[SatNews] United Launch Alliance (ULA) has signed commercial contracts with multiple American companies to investigate next-generation liquid oxygen/hydrocarbon first stage propulsion concepts.
In collaboration with ULA, each company will conduct technical feasibility analysis, develop high fidelity plans, identify schedule, cost and technical risks, as well as cost estimates to meet aggressive recurring cost targets. All concepts will support a first launch by 2019.
“As the nation’s steward of the launch industrial base and the only company certified to launch our nation’s most critical missions, it is incumbent upon ULA to bring forward the best solutions to preserve that capability for the future,” said Michael Gass, ULA president and CEO.
ULA will continue to work with U.S.-based RD AMROSS (RDA), a joint venture of United Technologies (UTC) and NPO Energomash of Russia, to evaluate the long-term feasibility of the RD-180 in competition with the anticipated new engine. ULA and RDA are in continued discussions evaluating product improvements, U.S. production and other enhancements to enable its future viability.
“ULA has a number of very promising alternatives and we are working with the very best propulsion companies in America,” said Dr. George Sowers, ULA’s vice president of Advanced Programs, and lead for the propulsion study. “There are many exciting advanced technologies that are mature and can be used to enhance our capabilities and our competitiveness.”
ULA expects to select its future concept and engine supplier by the fourth quarter of this year to enable initial launch capability by 2019 of the new system. ULA will bring its experience and a demonstrated track record of introducing new and improved products to deliver this engine on schedule. The company is evaluating the technical feasibility of these new engine concepts for both private investment and the potential for government–industry investment.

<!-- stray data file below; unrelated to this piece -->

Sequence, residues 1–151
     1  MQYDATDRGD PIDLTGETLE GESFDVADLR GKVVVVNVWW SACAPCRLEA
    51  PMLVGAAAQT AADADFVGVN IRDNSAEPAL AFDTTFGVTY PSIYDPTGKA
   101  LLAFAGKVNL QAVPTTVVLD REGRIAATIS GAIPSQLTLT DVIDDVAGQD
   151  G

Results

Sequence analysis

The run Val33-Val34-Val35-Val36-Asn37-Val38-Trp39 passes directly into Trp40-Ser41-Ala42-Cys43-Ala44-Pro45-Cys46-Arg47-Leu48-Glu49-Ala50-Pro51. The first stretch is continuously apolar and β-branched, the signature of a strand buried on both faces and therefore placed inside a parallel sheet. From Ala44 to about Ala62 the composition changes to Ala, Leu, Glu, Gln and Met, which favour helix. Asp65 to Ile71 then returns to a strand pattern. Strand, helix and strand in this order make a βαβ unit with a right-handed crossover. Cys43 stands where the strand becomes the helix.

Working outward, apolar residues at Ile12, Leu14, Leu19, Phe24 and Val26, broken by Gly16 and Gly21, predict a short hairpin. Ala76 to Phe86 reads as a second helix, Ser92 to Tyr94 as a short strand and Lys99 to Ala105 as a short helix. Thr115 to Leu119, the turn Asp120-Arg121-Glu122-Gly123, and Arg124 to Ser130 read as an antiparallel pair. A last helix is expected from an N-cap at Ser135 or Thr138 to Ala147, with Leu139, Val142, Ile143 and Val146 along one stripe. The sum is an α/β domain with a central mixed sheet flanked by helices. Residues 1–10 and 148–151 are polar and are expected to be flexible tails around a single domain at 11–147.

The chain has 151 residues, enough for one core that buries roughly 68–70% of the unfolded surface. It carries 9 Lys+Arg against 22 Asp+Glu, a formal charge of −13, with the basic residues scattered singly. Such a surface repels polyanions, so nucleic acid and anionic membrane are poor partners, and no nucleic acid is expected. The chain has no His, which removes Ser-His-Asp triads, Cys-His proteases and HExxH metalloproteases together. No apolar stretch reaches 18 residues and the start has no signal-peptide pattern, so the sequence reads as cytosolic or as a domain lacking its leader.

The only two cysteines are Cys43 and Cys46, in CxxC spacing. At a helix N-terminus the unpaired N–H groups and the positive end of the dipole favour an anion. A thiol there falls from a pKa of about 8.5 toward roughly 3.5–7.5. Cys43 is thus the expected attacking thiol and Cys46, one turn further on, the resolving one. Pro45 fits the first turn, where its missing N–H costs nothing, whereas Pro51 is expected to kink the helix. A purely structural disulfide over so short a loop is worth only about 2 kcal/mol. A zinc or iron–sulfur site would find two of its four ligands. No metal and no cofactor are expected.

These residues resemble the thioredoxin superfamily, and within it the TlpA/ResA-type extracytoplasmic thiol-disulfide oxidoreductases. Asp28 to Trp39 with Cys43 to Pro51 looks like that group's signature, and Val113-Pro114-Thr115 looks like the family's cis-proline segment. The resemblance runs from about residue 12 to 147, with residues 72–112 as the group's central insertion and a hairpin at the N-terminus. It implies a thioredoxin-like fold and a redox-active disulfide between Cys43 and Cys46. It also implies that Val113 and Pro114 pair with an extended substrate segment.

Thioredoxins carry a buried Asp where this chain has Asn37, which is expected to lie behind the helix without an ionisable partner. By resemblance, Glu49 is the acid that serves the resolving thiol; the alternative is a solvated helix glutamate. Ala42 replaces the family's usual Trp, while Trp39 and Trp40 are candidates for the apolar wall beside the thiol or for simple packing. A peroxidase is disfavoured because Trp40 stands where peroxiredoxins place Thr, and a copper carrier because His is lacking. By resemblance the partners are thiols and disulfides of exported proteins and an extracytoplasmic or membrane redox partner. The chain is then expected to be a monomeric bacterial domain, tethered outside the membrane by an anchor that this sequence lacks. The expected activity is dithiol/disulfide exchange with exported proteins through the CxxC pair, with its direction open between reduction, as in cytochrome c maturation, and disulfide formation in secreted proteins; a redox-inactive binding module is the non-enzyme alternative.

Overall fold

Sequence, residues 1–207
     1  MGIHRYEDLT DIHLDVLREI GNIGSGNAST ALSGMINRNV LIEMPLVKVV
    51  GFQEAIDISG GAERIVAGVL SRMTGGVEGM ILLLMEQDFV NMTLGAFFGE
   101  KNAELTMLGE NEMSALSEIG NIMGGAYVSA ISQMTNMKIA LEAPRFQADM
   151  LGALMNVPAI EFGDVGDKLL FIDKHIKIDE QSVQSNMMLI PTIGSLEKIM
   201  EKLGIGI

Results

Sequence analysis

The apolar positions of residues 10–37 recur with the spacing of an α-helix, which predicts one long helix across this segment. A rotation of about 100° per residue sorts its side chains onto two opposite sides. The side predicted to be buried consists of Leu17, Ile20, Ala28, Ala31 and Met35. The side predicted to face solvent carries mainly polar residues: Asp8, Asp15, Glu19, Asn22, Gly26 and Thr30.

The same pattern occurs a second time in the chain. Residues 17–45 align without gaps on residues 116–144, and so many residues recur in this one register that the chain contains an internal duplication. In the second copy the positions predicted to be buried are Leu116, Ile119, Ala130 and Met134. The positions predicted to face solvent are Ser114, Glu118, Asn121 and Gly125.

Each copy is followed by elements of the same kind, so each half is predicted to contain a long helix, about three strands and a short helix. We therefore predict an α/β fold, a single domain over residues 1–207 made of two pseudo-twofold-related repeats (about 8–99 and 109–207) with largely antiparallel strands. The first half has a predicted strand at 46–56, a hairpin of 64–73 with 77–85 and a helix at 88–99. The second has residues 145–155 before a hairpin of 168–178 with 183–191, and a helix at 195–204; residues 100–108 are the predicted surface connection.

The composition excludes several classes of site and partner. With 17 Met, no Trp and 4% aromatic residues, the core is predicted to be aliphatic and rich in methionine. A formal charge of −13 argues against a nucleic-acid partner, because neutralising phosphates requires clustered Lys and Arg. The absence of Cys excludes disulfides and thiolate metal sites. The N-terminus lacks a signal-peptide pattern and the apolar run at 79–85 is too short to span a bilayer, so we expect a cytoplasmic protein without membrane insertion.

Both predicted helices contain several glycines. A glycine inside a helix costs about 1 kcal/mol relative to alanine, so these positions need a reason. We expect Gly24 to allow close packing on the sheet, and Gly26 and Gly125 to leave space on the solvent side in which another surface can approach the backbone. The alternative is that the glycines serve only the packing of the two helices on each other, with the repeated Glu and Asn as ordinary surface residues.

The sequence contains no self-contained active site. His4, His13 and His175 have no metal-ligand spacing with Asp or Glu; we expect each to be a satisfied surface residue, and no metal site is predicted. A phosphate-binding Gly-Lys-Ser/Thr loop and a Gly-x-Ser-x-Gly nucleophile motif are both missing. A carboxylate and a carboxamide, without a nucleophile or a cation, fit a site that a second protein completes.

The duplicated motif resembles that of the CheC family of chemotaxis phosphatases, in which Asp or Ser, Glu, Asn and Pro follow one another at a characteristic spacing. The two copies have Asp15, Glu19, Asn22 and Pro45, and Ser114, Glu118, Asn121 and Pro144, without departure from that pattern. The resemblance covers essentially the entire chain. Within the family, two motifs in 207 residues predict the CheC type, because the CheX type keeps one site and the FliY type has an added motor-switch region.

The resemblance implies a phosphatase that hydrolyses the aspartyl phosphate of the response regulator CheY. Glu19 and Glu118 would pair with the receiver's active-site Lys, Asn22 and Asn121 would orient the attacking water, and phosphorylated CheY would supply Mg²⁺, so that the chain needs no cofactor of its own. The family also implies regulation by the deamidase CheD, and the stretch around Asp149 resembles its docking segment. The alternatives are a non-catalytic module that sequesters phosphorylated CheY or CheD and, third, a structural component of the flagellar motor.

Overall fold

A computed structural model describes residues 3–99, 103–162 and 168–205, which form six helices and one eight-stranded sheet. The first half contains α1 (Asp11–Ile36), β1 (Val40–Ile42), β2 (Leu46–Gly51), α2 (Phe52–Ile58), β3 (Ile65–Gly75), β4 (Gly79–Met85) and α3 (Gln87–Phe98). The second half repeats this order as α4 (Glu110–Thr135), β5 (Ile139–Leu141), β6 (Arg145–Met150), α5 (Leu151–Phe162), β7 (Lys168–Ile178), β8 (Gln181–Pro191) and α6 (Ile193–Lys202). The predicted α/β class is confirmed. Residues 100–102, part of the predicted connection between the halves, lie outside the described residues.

“While the RD-180 has been a remarkable success, we believe now is the right time for American investment in a domestic engine,” said Gass “At the same time, given that ULA is the only certified launch provider of our nation’s most important satellites, it is critical that America preserve current capabilities and options while simultaneously pursuing this new engine.”
With more than a century of combined heritage, ULA has successfully delivered more than 80 satellites to orbit that provide critical capabilities for troops in the field, aid meteorologists in tracking severe weather, enable personal device-based GPS navigation and unlock the mysteries of our solar system.
For more information on ULA, please visit the ULA website at http://www.ulalaunch.com/.